Monday, April 3, 2017

Review of Task Force Report on US Policy towards China, Part II

In Part I of my review of the Task Force report on “US Policy Toward China,” I noted that the tone was surprisingly hostile sounding toward China. This was the report published under the joint leadership of Orville Schell of Asia Society and Susan Shirk of UCSD.

Upon further reflection, I decided that the authors probably thought an unfriendly posture toward China was necessary in order to gain the acceptance of the incoming administration. During the campaign both candidates had been attacking China as if that was the way to winning the votes of the electorate.

Thus, the authors probably felt, or at least subconsciously felt, obliged to be critical of China so that their report wouldn’t appear discordant to pre-existing notions and get trashed without being read.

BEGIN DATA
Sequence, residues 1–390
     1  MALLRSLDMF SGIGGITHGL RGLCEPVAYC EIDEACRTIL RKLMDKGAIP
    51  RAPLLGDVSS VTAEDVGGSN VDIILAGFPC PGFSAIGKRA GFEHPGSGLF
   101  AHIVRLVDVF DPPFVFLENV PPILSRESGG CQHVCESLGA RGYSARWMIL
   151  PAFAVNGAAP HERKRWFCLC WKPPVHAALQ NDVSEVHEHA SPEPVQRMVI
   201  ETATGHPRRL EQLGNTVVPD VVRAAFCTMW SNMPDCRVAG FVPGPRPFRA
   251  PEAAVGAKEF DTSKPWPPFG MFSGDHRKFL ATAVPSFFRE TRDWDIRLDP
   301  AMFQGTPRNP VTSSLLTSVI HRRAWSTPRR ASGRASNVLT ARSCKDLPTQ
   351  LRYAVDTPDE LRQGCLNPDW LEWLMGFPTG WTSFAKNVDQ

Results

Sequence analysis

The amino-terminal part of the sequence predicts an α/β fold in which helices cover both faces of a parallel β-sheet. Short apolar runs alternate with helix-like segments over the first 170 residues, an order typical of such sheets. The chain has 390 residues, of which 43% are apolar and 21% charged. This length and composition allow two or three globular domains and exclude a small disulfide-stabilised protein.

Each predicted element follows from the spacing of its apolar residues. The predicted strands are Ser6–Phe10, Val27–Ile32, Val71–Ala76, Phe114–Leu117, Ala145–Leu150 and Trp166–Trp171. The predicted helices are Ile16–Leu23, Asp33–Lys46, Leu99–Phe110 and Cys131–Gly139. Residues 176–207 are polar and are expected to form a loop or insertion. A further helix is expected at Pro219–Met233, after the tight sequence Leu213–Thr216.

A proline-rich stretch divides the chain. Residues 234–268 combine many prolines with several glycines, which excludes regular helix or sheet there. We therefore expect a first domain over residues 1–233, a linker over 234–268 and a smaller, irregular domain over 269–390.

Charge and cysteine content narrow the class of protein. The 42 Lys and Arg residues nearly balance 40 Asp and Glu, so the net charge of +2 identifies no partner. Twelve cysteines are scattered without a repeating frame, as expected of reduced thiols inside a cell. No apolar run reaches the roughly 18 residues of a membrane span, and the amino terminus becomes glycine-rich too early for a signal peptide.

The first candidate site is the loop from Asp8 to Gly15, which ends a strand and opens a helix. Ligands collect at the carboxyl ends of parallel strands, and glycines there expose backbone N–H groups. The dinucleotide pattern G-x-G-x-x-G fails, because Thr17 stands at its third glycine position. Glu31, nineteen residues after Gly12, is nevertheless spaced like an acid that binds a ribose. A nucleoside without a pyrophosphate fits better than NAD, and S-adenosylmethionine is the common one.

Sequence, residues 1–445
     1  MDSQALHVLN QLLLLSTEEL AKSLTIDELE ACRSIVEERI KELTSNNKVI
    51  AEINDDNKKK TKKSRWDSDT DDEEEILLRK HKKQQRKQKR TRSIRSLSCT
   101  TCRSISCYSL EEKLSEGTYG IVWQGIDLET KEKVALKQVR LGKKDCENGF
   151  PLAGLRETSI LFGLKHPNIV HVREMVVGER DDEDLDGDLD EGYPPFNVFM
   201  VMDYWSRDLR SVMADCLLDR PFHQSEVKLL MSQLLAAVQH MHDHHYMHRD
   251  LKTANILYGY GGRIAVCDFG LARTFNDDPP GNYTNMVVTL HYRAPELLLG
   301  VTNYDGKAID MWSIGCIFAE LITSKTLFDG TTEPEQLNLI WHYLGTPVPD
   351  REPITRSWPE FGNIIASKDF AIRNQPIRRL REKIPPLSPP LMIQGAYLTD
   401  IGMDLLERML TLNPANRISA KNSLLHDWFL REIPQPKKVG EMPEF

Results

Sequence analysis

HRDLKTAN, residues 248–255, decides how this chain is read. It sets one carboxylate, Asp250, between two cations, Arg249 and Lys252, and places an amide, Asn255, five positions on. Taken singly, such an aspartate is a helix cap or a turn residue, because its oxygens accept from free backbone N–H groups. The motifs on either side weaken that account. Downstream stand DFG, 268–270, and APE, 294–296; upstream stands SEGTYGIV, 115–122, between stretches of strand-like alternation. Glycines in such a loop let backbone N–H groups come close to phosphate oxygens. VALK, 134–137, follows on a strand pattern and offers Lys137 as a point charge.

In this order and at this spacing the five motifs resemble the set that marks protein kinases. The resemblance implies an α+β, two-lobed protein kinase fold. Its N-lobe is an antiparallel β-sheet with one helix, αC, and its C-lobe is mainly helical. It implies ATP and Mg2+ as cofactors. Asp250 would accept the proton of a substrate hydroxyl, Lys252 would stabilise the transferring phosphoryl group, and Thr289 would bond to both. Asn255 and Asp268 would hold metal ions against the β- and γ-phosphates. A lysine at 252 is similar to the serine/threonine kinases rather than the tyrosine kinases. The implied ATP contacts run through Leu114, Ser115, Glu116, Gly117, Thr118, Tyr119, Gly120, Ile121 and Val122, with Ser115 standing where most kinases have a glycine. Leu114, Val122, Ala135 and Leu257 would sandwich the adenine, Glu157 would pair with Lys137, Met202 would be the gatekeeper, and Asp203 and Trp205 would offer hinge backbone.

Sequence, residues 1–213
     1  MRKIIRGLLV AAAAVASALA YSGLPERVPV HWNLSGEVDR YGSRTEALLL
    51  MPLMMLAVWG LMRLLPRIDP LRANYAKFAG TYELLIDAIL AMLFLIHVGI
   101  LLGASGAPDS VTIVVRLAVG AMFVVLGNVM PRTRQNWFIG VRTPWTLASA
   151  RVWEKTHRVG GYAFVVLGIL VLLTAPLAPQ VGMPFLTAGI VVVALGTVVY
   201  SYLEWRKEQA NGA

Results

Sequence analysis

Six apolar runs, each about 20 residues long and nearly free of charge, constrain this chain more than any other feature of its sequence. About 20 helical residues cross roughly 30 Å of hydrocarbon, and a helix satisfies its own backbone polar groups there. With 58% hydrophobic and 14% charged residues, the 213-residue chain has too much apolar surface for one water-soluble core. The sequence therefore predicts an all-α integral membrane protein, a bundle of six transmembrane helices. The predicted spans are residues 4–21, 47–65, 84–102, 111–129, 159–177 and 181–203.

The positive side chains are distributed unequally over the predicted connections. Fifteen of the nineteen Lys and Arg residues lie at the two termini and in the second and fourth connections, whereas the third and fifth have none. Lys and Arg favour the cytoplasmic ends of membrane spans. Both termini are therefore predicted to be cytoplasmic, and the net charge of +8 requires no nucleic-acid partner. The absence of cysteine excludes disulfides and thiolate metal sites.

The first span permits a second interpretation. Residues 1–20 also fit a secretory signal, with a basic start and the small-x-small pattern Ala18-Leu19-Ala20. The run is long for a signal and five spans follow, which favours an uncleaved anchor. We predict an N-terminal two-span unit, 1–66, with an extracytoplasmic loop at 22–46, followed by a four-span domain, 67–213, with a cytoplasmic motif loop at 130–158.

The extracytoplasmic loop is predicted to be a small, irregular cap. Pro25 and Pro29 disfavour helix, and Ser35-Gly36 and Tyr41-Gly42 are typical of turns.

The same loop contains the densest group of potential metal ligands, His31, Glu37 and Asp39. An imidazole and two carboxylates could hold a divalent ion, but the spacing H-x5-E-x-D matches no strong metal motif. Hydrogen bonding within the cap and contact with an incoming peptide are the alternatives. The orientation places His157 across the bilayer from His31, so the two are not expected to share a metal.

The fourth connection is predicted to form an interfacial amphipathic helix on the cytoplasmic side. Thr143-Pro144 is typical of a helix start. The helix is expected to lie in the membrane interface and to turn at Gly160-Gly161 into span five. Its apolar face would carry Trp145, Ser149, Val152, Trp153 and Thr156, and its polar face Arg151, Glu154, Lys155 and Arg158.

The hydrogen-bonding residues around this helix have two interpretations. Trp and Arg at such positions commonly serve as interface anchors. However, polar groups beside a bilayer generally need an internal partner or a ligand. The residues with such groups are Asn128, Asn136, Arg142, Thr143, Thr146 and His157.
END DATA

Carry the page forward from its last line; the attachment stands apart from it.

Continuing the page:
Part I of my review was to examine the six priority issues on my premise that the Trump Administration has no choice but to collaborate with China. This Part II is my review of the ten longer-term issues identified by the Task Force, again from the perspective that the US needs to work with China and not treat China as an adversary.

Cyber Issues

The discussion of this section by the Task Force was relatively free of the kind of rancor that would singled out China as the only party guilty of cyber infractions and intrusion.  Quite sensibly, the Task Force sought different venues where the US and China could discuss and seek solutions in issues that represent common interest.